For immediate release
November 29, 2018
Contacts: Larry Edwards, Greenpeace 907-752-7557, email@example.com
Gabe Scott, Cascadia Wildlands 907-491-0856, firstname.lastname@example.org
Oliver Stiefel, Crag Law Center 503-227-2212, email@example.com
ANCHORAGE – A unanimous verdict of the 9th Circuit Court of Appeals has invalidated four U.S. Forest Service (USFS) logging projects in Alaska’s Tongass National Forest, the nation’s largest national forest, ending a ten year legal battle. Greenpeace USA and Cascadia Wildlands filed the suit in 2008.
The decision permanently stops four timber sales that would have clearcut 1,700 acres of old-growth rainforest — habitat that is critical to deer, which are the primary prey of the rare Alexander Archipelago wolf (or “Islands Wolf”), and vital to subsistence hunters. The lawsuit focused on all three — deer, wolves, and hunters.
“But the victory is for more than deer, wolves and hunters,” said Larry Edwards, a representative of Greenpeace and resident of Sitka, Alaska. “It also protects many other kinds of wildlife in those areas, diverse forest uses, and carbon that is stored in the soil, trees and vegetation. As a far-north coastal rainforest, fires are rare and very small here, and as a result the Tongass is world-renown for storing carbon in its soil, trees and vegetation.”
At issue in the litigation was how the Forest Service determined impacts of the logging projects on Sitka black-tailed deer, and consequently wolves and hunters.
The Court concluded that the agency’s modeling of deer winter habitat “does not accurately measure forest structure [and] was too unreliable to be used.” It also said the “USFS failed to explain why it was authorizing the projects despite lower-than-recommended deer habitat capabilities.” (The recommended minimum capability is specified in the Tongass Forest Plan.)
In voiding the agency’s approvals of its four projects, the court noted that in “over a decade of litigation… USFS has been given multiple opportunities to correct flaws in its project analysis and ignored the court’s guidance.”
“The Forest Service was handed a clear message today that it cannot fudge the science in order to give its projects an ‘easy pass’ and sell excessive amounts of timber from a planning area,” said Chris Winter of Crag Law Center, one of the plaintiffs’ attorneys. “The Islands Wolf is a rare species in Alaska’s rainforest, and it’s vital that the agency follow the best science on how to protect it and how to provide for the needs of deer hunters.”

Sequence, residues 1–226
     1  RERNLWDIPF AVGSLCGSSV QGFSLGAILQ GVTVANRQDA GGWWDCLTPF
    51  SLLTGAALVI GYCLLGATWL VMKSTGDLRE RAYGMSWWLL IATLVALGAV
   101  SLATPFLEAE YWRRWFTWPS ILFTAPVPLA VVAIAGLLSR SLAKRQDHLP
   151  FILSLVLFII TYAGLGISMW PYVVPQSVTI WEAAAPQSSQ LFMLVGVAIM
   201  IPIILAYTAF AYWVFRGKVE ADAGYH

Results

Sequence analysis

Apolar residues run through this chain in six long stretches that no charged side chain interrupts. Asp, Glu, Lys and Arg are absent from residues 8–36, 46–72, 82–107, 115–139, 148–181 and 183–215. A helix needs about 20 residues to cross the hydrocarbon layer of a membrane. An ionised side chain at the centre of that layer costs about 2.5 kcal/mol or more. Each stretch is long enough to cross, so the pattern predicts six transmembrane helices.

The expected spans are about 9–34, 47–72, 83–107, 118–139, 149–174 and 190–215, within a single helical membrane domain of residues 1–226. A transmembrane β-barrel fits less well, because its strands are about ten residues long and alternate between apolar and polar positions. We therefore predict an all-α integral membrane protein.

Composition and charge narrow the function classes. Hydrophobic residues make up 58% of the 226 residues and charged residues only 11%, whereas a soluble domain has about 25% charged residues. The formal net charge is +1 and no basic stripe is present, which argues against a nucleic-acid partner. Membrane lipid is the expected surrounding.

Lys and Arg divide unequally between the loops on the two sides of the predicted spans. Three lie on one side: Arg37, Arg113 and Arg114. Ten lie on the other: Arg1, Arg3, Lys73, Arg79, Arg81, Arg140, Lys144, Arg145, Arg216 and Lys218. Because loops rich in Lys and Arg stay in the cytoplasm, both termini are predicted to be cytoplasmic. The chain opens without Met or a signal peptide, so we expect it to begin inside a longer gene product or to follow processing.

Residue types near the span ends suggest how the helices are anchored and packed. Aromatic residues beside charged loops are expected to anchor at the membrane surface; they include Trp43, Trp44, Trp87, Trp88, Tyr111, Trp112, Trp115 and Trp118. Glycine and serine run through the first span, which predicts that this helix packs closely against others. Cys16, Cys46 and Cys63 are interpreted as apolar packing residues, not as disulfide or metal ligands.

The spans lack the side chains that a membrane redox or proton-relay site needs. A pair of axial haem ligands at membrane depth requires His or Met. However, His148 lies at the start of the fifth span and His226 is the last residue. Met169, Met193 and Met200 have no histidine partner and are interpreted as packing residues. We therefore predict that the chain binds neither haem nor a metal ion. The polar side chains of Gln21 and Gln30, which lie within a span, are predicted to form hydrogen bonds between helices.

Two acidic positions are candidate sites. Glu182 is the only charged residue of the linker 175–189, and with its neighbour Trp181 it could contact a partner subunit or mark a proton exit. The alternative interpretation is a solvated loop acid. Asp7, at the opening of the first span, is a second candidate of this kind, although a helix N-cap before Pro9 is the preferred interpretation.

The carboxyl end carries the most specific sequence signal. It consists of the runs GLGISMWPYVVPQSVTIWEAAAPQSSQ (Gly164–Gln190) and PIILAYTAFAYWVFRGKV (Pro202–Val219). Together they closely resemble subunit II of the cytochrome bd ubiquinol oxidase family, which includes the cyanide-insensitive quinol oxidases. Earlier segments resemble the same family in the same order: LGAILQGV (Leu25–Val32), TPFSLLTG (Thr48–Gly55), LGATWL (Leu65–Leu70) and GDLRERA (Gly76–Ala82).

“The Forest Service has scheduled two of the projects in our lawsuit to be logged in 2019. The court’s verdict invalidating the decisions comes just in time.” said Gabriel Scott of Cascadia Wildlands.
“The Forest Service greatly overestimated the habitat available for deer, and consequently underestimated the impacts of logging, not just in the four projects in this case but in every one of its timber project decisions made between 1996 and 2008,” Edwards said. “This justified logging which should never have happened. Greenpeace and Cascadia have demonstrated, with the agency’s own documents, that its computer models were flawed. For recent projects the USFS has corrected those errors, but it refused to do so for the earlier ones,” he said.
Attorneys representing the plaintiffs were Chris Winter and Oliver Stiefel of Crag Law Center based in Portland, Oregon, and Rene Voss of Mill Valley, Ca. Plaintiffs are grateful to the McIntosh Foundation for supporting the Islands Wolf litigation from the beginning.
The four timber projects, named from north to south are:
Scott Peak, NE Kupreanof Island (near Petersburg)
Overlook, Mitkof Island (the island Petersburg is on)
Traitors Cove, Revillagigedo Island (the island Ketchikan is on)
Soda Nick, Prince of Wales Island (just north of the village of Hydaburg)
Together, the four projects would have cut 33 million board feet of timber from 1,700 acres of old-growth forest, and about 14 miles of logging roads would have been constructed.